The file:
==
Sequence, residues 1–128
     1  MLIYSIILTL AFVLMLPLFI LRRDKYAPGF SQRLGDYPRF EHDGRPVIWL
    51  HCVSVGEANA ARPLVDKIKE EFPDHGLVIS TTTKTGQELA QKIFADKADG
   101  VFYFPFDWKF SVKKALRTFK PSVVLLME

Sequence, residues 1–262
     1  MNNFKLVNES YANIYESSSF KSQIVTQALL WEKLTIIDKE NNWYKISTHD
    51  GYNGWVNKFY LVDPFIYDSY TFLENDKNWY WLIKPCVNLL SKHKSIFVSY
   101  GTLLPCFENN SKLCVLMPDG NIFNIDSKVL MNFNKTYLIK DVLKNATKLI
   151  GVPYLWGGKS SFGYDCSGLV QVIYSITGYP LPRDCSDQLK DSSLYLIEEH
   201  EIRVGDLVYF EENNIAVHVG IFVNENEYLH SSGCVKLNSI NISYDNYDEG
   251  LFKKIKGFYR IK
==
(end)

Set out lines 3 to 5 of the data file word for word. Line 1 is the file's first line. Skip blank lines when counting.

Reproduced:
    51  HCVSVGEANA ARPLVDKIKE EFPDHGLVIS TTTKTGQELA QKIFADKADG
   101  VFYFPFDWKF SVKKALRTFK PSVVLLME

Sequence, residues 1–262